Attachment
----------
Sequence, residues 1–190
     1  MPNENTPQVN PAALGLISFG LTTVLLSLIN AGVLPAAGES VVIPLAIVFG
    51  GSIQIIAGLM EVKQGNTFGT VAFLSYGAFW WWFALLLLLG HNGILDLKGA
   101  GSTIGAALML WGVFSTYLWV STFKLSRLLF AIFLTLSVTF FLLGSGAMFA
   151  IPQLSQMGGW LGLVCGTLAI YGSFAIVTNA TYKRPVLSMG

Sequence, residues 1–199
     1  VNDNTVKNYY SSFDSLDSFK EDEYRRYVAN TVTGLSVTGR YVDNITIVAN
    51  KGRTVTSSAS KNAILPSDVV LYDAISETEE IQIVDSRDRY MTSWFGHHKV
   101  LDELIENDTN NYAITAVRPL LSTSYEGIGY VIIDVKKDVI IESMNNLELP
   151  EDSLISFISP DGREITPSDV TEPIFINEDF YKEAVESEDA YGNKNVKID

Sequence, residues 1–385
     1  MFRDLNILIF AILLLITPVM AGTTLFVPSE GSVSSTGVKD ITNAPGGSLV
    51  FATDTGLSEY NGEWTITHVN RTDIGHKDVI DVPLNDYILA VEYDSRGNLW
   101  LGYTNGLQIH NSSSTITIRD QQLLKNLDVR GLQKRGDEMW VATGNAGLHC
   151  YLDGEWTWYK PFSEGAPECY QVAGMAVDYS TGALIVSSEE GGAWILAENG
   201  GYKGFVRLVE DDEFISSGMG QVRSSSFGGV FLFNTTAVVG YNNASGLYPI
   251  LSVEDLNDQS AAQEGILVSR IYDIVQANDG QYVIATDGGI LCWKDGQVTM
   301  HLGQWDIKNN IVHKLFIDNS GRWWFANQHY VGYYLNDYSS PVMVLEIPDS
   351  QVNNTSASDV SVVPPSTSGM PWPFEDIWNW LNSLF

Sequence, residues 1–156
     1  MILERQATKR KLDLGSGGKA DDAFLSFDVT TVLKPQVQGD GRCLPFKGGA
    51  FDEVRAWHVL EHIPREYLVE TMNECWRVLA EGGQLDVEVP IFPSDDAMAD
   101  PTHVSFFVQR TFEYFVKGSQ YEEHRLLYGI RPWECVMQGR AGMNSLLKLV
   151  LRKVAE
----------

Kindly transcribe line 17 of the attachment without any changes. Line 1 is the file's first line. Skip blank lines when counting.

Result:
   251  LSVEDLNDQS AAQEGILVSR IYDIVQANDG QYVIATDGGI LCWKDGQVTM